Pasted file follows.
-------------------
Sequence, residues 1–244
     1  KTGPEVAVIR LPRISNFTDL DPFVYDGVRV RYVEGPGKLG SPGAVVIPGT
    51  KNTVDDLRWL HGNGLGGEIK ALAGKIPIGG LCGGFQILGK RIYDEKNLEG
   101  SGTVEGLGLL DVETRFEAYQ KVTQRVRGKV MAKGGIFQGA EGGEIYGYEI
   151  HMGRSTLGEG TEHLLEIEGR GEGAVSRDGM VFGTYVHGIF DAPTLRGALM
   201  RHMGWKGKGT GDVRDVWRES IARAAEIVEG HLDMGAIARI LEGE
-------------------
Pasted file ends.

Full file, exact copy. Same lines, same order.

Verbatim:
Sequence, residues 1–244
     1  KTGPEVAVIR LPRISNFTDL DPFVYDGVRV RYVEGPGKLG SPGAVVIPGT
    51  KNTVDDLRWL HGNGLGGEIK ALAGKIPIGG LCGGFQILGK RIYDEKNLEG
   101  SGTVEGLGLL DVETRFEAYQ KVTQRVRGKV MAKGGIFQGA EGGEIYGYEI
   151  HMGRSTLGEG TEHLLEIEGR GEGAVSRDGM VFGTYVHGIF DAPTLRGALM
   201  RHMGWKGKGT GDVRDVWRES IARAAEIVEG HLDMGAIARI LEGE